Climate change has become the one thing the international community could reach a consensus on. Pulling from the Paris agreement was like kicking a puppy; regardless of the intent or circumstances, it’s an action the world can unite against. It makes for a convenient excuse to isolate the US or play hardball, much more so than any boorish behaviour by Trump.

It also won’t stop the US from following the Paris agreement anyway.

Representatives of American cities, states and companies are preparing to submit a plan to the United Nations pledging to meet the United States’ greenhouse gas emissions targets under the Paris climate accord, despite President Trump’s decision to withdraw from the agreement.

The unnamed group — which, so far, includes 30 mayors, three governors, more than 80 university presidents and more than 100 businesses — is negotiating with the United Nations to have its submission accepted alongside contributions to the Paris climate deal by other nations.

“We’re going to do everything America would have done if it had stayed committed,” Michael Bloomberg, the former New York City mayor who is coordinating the effort, said in an interview. […]

“The electric jolt of the last 48 hours is accelerating this process that was already underway,” said Mr. Orr, who is now dean of the School of Public Policy at the University of Maryland. “It’s not just the volume of actors that is increasing, it’s that they are starting to coordinate in a much more integral way.”

Various US states, municipalities, universities, businesses, and even the military have been working towards cutting emissions for years without waiting for the federal government to get its act in order. A national policy would be more effective, but these piecemeal efforts have substantial force behind them and look to be gaining even more.

Finally, the boost this move earns from his supporters may get cancelled out by backlash from everyone else.

It’s also possible that Trump gave a win to his base on an issue they don’t care that much about while angering the opposition on an issue they do care about. Gallup and Pew Research Center polls indicate that global warming and fighting climate change have become higher priorities for Democrats over the past year. … As we wrote earlier, if Trump’s voters view the Paris withdrawal as an economic move, he’ll likely reap some political benefit from it. If, however, it’s viewed as mostly having to do with climate change, perhaps Trump won’t see much gain with his base. Jobs, the economy and health care rate as top issues for Republicans, but climate change and the environment do not, so it’s hard to know how Trump voters would weigh the president doing something they don’t like on an issue they care a lot about (the GOP health care bill) against him doing something they do like on an issue they don’t care much about (withdrawing from Paris).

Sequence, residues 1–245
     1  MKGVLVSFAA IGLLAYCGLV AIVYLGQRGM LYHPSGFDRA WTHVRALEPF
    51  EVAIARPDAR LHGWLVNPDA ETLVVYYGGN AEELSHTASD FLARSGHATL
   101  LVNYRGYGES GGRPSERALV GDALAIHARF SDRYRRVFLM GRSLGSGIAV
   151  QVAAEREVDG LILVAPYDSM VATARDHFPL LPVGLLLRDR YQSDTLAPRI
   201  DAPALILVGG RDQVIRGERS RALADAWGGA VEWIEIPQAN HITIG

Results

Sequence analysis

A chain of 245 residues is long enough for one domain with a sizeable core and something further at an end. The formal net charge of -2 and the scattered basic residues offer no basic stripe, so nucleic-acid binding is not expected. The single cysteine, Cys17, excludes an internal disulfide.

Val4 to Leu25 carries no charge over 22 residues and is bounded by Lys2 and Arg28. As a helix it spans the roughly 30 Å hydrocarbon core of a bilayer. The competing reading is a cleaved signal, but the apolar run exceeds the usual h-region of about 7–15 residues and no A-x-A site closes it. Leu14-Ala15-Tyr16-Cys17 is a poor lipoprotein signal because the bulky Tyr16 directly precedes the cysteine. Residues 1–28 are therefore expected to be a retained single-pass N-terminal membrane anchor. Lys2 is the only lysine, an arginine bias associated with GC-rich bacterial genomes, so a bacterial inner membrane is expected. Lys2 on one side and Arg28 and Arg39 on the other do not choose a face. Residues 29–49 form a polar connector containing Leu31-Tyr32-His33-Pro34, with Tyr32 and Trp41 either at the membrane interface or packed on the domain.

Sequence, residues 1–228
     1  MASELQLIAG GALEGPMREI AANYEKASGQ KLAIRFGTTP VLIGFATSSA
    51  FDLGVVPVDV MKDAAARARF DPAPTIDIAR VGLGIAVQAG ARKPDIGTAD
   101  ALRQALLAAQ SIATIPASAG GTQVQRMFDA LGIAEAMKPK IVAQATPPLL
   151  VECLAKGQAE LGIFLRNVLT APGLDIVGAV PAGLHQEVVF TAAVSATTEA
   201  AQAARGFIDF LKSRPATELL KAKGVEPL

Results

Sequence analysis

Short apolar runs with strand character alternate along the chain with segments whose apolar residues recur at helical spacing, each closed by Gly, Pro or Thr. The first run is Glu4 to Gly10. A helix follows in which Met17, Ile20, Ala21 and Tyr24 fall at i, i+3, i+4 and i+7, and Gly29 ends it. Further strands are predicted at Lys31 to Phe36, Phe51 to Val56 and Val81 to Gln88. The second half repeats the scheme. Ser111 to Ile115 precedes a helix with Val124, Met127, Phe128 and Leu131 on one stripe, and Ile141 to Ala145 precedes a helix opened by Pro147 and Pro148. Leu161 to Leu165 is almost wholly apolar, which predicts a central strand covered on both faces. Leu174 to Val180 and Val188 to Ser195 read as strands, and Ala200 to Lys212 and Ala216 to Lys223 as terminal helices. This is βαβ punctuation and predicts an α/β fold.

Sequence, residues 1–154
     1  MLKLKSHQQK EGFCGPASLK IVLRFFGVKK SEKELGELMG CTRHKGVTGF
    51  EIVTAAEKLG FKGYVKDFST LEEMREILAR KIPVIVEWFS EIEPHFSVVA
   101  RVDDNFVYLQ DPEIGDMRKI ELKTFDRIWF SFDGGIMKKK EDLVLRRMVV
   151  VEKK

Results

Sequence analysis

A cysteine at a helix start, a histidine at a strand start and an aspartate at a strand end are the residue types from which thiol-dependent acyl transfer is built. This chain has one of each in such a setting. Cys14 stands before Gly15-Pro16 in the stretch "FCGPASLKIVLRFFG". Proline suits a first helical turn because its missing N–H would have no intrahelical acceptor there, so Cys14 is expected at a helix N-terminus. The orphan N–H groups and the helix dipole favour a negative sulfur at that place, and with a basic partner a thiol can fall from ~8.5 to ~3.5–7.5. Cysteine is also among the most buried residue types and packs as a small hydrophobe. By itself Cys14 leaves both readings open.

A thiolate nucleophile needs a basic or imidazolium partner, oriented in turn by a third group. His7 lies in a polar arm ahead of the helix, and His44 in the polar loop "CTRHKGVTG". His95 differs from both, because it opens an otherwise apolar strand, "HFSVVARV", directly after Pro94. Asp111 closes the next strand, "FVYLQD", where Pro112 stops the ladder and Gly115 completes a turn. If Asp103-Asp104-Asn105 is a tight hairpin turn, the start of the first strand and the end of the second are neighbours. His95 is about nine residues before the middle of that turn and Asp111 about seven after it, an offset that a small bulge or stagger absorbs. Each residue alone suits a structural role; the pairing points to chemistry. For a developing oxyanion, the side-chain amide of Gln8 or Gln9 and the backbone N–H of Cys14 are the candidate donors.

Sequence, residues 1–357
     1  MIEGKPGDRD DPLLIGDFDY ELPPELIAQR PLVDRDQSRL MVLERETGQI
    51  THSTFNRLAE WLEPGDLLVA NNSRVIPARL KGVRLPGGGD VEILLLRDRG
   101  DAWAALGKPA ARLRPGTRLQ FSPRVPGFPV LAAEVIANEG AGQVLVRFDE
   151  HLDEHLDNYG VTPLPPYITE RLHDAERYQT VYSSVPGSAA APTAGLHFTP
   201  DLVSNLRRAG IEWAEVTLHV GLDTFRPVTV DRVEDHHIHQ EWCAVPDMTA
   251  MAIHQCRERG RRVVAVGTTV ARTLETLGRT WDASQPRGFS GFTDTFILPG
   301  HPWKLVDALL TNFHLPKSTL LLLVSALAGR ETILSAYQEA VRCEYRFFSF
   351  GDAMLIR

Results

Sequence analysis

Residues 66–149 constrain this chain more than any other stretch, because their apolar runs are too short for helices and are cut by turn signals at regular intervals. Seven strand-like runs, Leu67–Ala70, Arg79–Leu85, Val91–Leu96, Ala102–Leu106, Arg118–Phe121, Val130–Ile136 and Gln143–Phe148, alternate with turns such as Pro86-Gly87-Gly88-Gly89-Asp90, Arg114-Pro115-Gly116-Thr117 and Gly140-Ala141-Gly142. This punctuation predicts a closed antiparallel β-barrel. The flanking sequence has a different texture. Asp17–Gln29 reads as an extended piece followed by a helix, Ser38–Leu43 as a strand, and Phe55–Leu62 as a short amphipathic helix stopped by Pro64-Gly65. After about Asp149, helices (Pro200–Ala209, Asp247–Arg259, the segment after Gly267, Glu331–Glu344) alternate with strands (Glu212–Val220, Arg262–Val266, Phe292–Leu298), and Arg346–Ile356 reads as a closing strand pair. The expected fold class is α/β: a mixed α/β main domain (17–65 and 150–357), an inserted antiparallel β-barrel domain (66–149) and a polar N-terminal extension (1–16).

This may have looked like an easy win for Trump, but the reality could be anything from a weak victory to a solid defeat. Time will tell, as it always does.

Proof from Transcendence (2)

Scanners

No doubt, this seems like I’m stretching. How can spiritual transcendence be the same as the non-spiritual kind? The two seem very different.

In the past two decades, a new term has sprung up: neurotheology. Scientists armed with brain scanners have begun using them on the devout, looking for any interesting patterns. Unfortunately, most approach this from the theological side, either taking the existence of a god as fact or explicitly stating they are uninterested in its existence. This tends to colour their interpretations of the data.

Still, there are interesting nuggets to be found. For instance, Andrew Newberg has compared the minds of believers while they meditated to those of atheists doing the same thing, and found no difference between the two. In study after study, this pattern holds:

When we look at how the brain works, it has a limited set of functions. So if one has a feeling of euphoria — whether one gets that through sex or religion or watching your team win the championship — it’s probably going to activate similar areas of the brain. There’s a continuum of these experiences. […]

Are we really capturing something that’s inherently spiritual? This is a big philosophical question. If the soul or the spirit is really non-material, how does it interact with us? Of course, the human brain has to have some way of thinking about it. Perhaps the most interesting finding I could have would be to see nothing change on the brain scan when one of the nuns has an incredible experience of transcendence and connectedness with God. Maybe then we really would capture something that’s spiritual rather than just cognitive and biological.

(Andrew Newberg, interviewed by Steve Paulson for Salon. Sept 20, 2006. http://www.salon.com/books/int/2006/09/20/newberg/print.html )